Community-Led Efforts Working To Inform PEPFAR’s Budgeting, Programming In South Africa

Maverick Citizen: People’s COP shows U.S. where to spend HIV money
Anele Yawa, general secretary of the Treatment Action Campaign (TAC), and Lotti Rutter, associate director of international policy at Health GAP

“…After years of calling on the United States President’s Emergency Plan for AIDS Relief (PEPFAR) and government to take the crisis in our clinics [in South Africa] seriously and focus financial resources in addressing these widespread challenges, the ‘Ritshidze’ system of community-led monitoring was created in 2019. Ritshidze community monitors collect data using a variety of methods that reveal insights about the problems with health care services and suggest solutions at the facility, district, provincial, and national levels. That data is then integrated into evidence-based advocacy that brings new information to the attention of decision makers and holds them accountable for acting on it. Data gathered through Ritshidze is at the center of this year’s ‘People’s COP,’ an advocacy document aimed at influencing PEPFAR as it determines how it will spend millions of dollars on HIV and TB programs in South Africa through its Country Operational Plan (COP) for 2020. … Activists are busy reviewing the text [of the 2020 COP] now to ensure the interventions in the People’s COP have been correctly and fully included — and that commitments have not been overlooked or forgotten. As we have learnt in past years, just because something is promised or written down, we cannot take it for granted as a victory; it is simply a first step. Through Ritshidze, next we must track what is actually implemented on the ground — holding PEPFAR and government accountable for their obligations to people living with HIV and TB” (3/3).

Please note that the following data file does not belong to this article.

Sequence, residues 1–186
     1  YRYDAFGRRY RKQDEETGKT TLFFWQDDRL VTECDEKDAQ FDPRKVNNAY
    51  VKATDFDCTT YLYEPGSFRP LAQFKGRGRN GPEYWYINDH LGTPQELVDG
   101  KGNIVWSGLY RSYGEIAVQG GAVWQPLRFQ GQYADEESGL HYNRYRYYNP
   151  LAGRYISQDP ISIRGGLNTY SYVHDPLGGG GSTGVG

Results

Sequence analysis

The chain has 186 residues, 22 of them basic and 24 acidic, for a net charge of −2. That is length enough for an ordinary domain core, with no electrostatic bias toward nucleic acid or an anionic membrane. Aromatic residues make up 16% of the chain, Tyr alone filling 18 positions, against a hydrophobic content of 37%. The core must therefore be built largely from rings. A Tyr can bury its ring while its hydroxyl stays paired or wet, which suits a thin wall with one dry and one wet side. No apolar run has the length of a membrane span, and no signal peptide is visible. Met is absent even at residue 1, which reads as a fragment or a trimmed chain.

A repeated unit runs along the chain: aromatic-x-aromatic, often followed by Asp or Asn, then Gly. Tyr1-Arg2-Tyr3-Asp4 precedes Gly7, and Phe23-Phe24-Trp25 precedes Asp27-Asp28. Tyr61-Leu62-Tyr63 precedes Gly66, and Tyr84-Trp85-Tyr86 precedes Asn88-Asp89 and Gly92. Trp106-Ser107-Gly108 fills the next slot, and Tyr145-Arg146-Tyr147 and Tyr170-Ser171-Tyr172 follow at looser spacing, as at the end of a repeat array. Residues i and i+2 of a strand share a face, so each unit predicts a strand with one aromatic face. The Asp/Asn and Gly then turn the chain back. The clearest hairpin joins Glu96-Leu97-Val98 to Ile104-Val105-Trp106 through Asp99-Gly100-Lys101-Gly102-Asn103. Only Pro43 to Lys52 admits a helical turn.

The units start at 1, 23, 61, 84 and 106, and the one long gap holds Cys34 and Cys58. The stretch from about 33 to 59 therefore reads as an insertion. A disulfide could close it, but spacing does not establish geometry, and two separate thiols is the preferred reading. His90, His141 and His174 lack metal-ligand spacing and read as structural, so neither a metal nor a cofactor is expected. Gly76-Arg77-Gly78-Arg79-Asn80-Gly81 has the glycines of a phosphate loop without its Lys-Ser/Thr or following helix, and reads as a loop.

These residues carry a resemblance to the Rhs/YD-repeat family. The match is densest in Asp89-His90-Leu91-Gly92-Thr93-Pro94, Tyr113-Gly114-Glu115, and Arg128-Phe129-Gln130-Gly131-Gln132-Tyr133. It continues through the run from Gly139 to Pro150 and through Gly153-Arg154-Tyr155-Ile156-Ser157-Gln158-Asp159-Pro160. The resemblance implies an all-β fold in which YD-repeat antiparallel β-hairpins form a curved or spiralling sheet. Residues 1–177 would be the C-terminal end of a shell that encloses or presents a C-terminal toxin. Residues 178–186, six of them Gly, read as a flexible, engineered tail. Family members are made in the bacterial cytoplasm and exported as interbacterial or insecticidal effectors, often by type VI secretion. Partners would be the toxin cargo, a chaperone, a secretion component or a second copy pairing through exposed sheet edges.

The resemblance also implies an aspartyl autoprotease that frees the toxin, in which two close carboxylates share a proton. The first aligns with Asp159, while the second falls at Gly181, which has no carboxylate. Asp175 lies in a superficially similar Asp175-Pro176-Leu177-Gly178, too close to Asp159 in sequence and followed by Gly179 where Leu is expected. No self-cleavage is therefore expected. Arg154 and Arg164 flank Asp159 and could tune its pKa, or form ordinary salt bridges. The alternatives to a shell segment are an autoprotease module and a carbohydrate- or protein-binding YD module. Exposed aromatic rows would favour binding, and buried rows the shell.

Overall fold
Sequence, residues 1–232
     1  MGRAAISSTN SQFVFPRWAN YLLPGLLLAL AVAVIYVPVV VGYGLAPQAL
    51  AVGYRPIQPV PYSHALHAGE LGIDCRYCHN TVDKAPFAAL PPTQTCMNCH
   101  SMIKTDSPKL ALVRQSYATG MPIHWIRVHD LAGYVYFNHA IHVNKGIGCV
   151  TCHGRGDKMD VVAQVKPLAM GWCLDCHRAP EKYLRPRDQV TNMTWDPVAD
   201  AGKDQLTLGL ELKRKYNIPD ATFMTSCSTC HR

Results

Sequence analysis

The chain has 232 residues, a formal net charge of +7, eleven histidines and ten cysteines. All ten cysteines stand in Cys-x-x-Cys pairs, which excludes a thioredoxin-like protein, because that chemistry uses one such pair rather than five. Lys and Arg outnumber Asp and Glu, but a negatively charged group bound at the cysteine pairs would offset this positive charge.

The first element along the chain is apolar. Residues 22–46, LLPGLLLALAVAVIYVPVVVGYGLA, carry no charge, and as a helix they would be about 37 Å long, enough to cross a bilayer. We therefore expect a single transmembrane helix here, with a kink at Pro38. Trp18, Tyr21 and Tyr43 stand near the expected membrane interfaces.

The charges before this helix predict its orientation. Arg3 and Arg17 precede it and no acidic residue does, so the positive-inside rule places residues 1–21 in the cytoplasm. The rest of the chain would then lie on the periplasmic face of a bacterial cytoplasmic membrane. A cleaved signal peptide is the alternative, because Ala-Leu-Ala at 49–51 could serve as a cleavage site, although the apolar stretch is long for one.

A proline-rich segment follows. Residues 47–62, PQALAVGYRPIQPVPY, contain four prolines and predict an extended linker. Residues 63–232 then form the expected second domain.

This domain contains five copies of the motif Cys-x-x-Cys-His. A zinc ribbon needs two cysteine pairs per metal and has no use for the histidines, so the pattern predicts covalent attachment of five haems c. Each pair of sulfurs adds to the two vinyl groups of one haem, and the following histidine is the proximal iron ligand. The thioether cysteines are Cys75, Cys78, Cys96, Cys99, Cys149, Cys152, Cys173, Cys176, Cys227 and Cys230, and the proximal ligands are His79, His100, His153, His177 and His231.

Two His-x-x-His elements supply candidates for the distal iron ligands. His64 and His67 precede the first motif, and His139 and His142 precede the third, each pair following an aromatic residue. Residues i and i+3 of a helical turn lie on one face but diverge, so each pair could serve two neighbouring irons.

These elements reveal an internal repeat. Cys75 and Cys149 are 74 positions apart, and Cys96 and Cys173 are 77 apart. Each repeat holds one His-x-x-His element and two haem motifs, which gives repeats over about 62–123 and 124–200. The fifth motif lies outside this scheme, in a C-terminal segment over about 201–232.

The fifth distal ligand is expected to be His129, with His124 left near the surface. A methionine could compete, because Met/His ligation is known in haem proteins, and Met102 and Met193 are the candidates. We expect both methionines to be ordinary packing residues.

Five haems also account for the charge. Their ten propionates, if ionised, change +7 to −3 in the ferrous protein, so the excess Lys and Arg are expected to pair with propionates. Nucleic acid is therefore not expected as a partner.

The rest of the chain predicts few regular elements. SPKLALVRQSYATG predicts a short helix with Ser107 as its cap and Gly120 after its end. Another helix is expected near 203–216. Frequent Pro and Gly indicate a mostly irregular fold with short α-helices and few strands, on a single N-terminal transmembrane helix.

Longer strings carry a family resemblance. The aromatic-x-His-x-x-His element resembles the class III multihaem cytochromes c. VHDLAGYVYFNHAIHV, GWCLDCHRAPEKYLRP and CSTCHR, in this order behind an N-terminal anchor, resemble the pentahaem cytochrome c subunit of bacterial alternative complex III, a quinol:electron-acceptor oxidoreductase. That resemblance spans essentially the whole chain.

Maverick Citizen: Communities in Malawi demand changes to how U.S. spends HIV money
David Kamkwamba, executive director of the Network of Journalists Living with HIV (JONEHA) and chair of the Civil Society Advocacy Forum, and Lotti Rutter, associate director of international policy at Health GAP

“Community monitoring of 12 health centers in Malawi during January 2020 revealed increased numbers of people living with HIV not returning to the facility to collect treatment in eight of those sites by the end of 2019. … What is driving this troubling reality? There are not enough health care facilities … and existing clinics are understaffed so that health care workers can’t provide the level of care they want to offer. … Two people involved in fighting for … critical changes … are sharing their stories and their prescriptions for change in order to show PEPFAR, and the government of Malawi, what it means to interact with the current, failing health care system, and why the changes activists are demanding in COP20 are urgently needed…” (3/4).